Food & Drink

Hasselback. Because who doesn't like crispy-edged potatoes?

Hasselback Potatoes. MUST CREDIT: Photo for The Washington Post by Laura Chase de Formigny
Hasselback Potatoes. MUST CREDIT: Photo for The Washington Post by Laura Chase de Formigny

The key to a Hasselbacked potato is making extremely slim slices through most, but not all, of the potato. When done properly, they are so thin the potato will look like a Slinky. While cooking, the slices fan open, allowing the flavored butter to permeate the center of the potato. As the butter melts, it pools on the bottom of the pan, roasting the potato from the bottom up. It’s more than just a delicious recipe - it’s a beautiful presentation.

The thinner the potato is sliced, the snappier the crispy edges. To slice only part of the way through the potato is challenging but not impossible. I employ the Two-Chopstick-Method: Rest the potato lengthwise between two chopsticks and slice downward. The chopsticks will keep the knife from slicing all the way through, so that the potato remains intact. Two identical wooden spoons will also work, with the potato resting on the parallel handles. And I’ve recently learned there is a Hasselback tool (more than 12 versions available online!) - a wooden block with a scooped out center into which the potato nestles. Some versions of the tool have a wire topper that fits over the potato and guides the knife. A friend told me that her new mother-in-law gave her a Hasselback tool when she married. “My son likes Hasselback potatoes” was her only comment. Message received!

Once sliced, the Hasselback technique calls for butter to be pushed between the slices. This is a marvelous idea but nearly impossible to achieve. Instead, coat the top of the potato thickly with the herbed butter, pushing it between the slices to the best of your ability. It will get there in the oven, so don’t worry. Be very generous with the finely chopped herbs that flavor the butter. It should smell spectacular while cooking. For extra crispy bits, I mixed panko crumbs into the butter. When the butter melts, those crumbs attach to the edges of the potato slices, and the crunch factor is amplified.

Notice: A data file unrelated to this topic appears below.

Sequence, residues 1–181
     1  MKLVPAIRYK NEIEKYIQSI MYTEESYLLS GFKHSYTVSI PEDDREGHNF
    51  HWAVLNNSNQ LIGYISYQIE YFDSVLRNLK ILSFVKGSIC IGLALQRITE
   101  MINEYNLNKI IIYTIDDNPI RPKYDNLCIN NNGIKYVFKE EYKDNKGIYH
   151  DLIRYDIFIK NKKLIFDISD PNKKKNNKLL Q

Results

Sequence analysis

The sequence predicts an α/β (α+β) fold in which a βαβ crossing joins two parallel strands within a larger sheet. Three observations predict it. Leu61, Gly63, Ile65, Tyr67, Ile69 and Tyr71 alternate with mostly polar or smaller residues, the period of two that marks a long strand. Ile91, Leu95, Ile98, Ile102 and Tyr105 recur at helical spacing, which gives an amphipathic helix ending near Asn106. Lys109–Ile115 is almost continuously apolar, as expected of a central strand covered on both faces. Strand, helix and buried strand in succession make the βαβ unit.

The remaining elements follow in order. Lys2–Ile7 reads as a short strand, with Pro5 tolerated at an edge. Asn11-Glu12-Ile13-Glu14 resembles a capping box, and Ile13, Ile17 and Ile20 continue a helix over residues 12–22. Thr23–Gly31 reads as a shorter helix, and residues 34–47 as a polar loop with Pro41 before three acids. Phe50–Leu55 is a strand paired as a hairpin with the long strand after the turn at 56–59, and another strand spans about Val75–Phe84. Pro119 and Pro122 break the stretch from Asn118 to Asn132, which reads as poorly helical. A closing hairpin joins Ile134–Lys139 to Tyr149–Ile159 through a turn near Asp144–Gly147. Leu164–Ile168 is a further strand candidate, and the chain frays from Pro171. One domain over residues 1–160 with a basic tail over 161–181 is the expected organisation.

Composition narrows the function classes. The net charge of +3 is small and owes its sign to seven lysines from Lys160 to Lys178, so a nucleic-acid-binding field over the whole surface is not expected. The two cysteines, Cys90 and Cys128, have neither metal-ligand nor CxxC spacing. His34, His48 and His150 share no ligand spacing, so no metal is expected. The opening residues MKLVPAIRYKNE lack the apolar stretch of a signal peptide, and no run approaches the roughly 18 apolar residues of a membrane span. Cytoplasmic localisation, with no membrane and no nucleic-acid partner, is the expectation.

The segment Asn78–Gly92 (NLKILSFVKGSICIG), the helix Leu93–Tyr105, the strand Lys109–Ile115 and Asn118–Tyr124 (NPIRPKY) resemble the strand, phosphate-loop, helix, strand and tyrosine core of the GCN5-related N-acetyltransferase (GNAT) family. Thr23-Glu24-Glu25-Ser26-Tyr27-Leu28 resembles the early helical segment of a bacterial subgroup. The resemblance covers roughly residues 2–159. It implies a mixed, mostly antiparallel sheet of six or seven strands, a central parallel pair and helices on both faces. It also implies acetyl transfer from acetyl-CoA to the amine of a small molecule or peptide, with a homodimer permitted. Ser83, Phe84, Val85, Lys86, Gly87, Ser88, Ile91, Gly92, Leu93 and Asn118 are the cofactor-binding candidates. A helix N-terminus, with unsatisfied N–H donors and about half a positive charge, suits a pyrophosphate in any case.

For the Thanksgiving table, and to effectively serve many people, rather than using full-size potatoes, this recipe can be made with small fingerling-shaped spuds. I combined sweet potatoes and the whole rainbow of potato hues - purple, red and gold - often packaged together in the produce department at many grocery stores. These smaller potatoes take up less room on the plate, which is an important consideration at Thanksgiving when so many side dishes are competing for our attention.

I packed my largest cast-iron pan with these small potatoes, all Hasselbacked. After time in the oven, they were deliciously crispy on the top. The heat from the pan bronzed the bottom of the potatoes and kept the dish hot for a long time after removing it from the oven. The smaller potatoes took about an hour, while full-size potatoes baked for 90 minutes or more. Time is less predictable with varying sizes, so use a fork to poke the center of the largest potato, looking for a soft and yielding texture as an indication of doneness.

I’ve been playing with root vegetables and the Hasselback technique. Try it with small white turnips, parsnips and carrots. It’s amenable to celeriac and rutabaga, too. But when it’s time for the big feast, Hasselback potatoes are a winning showstopper you’ll be delighted to carry to any feast.

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